3. You also can’t ensure that it would divide in 1D. What you would do is allocate the number of pixels as you do now, make a 1d kernel i.e dimBlock.x = 256, dimBlock.y = 1 and in the kernel get offset = dimBlock.x*blockIdx.x + threadIdx.x and if (offset > numPixels) return;, same as you do for 2d

  4. If you implement heavier operators you are probably best off with 2D images. Box filters are implemented in the SDK I think, but box and sobel are relatively easy (sobel is a convolution is it’s a bit harder, but good to do at least once).

  5. You would get performance benefit for heavier kernels, as copy can take a bit longer. Depending on the image size it can be rather good performance benefit. How much to break up depends on your algorithm and core count, but basically you want big enough chunks to keep the GPU busy, so say for a Tesla c1060 with 30 multicores and full occupancy of 1024 threads per core, you want around 30*1024 = 30K pixels per copy. On fermi you would get even better performance boost as you can get concurrent upload and download, g200 gets you only one at a time (again, this depends on kernel runtime). You can alternately use memory mapping which would do everything behind your back instead if it’s available for your card.

  1. Thanks, I get it. Isn’t this a pretty heavy dependency on the CUDA SDK model version? You mean 768, right?

  2. I still don’t see where you are getting at here, what user? the library user? the one-time mallocs at CUDA initialization and free at de-initialization work pretty well for me in any case, why should I change this?

  3. I get it 1d no pitch image 1d grid and block, makes sense.

  4. I already implemented sobel and box filters which gave me an increase of efficiency for a factor of about 20 (depending on block size) boxFilter was implemented in the examples (not the SDK itself as far as I know).

  5. Thanks again.

  1. Thanks, I get it. Isn’t this a pretty heavy dependency on the CUDA SDK model version? You mean 768, right?

  2. I still don’t see where you are getting at here, what user? the library user? the one-time mallocs at CUDA initialization and free at de-initialization work pretty well for me in any case, why should I change this?

  3. I get it 1d no pitch image 1d grid and block, makes sense.

  4. I already implemented sobel and box filters which gave me an increase of efficiency for a factor of about 20 (depending on block size) boxFilter was implemented in the examples (not the SDK itself as far as I know).

  5. Thanks again.

Thanks for all the assistance

Thanks for all the assistance

  1. It depends on the Card version. Compute 1.0 (should be non-existant by now) and 1.1 support a maximum of 768 threads, 24 warps and 8 blocks per multi processor (the lower of the three). Compute 1.2/1.3 devices support 1024 threads, 32 warps and 8 blocks. It can be beneficial to adapt the algorithm to the specific card you are working on in terms of blocksize (compute device and shared memory size), number of blocks (depending on the number of multi processors in order to use partial serialization in the code) etc. The gain is often not huge but I’ve seen factors of x2 in some cases.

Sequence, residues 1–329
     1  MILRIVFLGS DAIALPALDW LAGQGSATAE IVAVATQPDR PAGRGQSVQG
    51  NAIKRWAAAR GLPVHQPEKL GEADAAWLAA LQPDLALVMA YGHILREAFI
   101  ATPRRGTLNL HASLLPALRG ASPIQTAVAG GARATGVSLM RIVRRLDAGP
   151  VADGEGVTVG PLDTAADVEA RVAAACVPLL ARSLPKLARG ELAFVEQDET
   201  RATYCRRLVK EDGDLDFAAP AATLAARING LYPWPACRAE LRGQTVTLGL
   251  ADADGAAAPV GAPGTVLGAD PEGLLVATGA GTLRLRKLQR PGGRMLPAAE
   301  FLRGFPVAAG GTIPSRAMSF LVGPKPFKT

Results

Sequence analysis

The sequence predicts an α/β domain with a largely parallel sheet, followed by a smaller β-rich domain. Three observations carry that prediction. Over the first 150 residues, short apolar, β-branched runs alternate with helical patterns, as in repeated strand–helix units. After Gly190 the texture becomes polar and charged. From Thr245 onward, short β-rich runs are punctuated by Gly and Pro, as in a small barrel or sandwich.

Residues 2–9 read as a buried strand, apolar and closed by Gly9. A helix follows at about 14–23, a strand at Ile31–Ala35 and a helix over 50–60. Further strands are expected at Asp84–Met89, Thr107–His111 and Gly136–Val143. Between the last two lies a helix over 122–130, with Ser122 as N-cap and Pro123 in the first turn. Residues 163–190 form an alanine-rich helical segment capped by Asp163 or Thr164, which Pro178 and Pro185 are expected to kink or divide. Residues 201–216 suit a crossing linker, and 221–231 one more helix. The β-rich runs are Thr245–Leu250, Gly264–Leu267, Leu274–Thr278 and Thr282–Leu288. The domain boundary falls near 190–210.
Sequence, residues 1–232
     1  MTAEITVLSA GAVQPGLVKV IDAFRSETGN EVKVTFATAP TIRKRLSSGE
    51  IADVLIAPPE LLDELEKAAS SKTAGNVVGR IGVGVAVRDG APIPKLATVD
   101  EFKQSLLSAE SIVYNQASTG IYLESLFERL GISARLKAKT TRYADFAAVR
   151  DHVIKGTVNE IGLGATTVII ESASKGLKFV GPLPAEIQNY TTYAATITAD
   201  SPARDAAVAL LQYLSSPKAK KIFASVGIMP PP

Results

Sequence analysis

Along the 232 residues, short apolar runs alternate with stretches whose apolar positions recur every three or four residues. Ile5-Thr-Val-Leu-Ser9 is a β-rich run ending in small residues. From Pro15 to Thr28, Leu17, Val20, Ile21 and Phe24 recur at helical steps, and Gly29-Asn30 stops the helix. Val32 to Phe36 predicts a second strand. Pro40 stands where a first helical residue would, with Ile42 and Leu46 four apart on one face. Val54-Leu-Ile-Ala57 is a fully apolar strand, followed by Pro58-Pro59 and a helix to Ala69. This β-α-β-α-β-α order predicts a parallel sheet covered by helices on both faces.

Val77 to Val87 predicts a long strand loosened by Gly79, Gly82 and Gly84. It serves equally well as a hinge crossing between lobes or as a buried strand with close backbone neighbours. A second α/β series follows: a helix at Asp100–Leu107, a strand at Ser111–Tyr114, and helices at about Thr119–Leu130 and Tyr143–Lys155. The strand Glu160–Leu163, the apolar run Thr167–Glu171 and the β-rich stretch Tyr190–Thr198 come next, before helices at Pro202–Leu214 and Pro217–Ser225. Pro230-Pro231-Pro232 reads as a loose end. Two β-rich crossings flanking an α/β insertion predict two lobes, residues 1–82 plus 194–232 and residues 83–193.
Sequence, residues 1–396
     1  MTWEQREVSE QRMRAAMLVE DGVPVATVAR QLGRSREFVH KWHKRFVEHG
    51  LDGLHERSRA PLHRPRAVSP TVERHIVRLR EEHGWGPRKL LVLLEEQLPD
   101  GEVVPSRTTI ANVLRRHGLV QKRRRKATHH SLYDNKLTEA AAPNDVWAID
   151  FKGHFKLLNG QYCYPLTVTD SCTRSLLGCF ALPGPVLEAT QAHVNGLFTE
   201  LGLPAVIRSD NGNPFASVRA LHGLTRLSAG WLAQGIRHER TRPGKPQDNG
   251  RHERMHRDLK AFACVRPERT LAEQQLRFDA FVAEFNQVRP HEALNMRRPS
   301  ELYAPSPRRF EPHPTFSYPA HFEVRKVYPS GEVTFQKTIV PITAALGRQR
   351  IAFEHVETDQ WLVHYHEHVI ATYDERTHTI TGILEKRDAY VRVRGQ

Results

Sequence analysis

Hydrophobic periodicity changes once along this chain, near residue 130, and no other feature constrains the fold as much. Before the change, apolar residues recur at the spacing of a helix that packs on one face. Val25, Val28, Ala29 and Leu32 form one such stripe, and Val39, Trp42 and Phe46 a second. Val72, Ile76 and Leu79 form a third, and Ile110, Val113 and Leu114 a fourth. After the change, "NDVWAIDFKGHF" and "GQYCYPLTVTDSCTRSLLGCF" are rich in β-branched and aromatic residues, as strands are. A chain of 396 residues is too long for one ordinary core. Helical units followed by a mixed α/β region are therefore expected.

2. If you want to chain several algorithms in a row, you want to keep the data on the GPU. one way is static buffers, but that limits the option of multiple threads of working on multiple images. The other option is to give the user a “handle” in one form or another to a set of work buffers that will be passed along to the algorithm call. This allows the user more flexibility in terms of multi threading.

You would do something like (written for clearness, not good coding style / design)

HANDLE h = AllocateGPUBuffers();

UploadData(img, h);

Soble(h);

BoxFilter(h);

CopybackData(out, h);

were HANDLE can be something like

struct HANDLE_t {

unsigned char *a;

unsigned char *a;

unsigned char *a;

};

typedef HANDLE_t * HANDLE;

  1. Welcome
  1. It depends on the Card version. Compute 1.0 (should be non-existant by now) and 1.1 support a maximum of 768 threads, 24 warps and 8 blocks per multi processor (the lower of the three). Compute 1.2/1.3 devices support 1024 threads, 32 warps and 8 blocks. It can be beneficial to adapt the algorithm to the specific card you are working on in terms of blocksize (compute device and shared memory size), number of blocks (depending on the number of multi processors in order to use partial serialization in the code) etc. The gain is often not huge but I’ve seen factors of x2 in some cases.

  2. If you want to chain several algorithms in a row, you want to keep the data on the GPU. one way is static buffers, but that limits the option of multiple threads of working on multiple images. The other option is to give the user a “handle” in one form or another to a set of work buffers that will be passed along to the algorithm call. This allows the user more flexibility in terms of multi threading.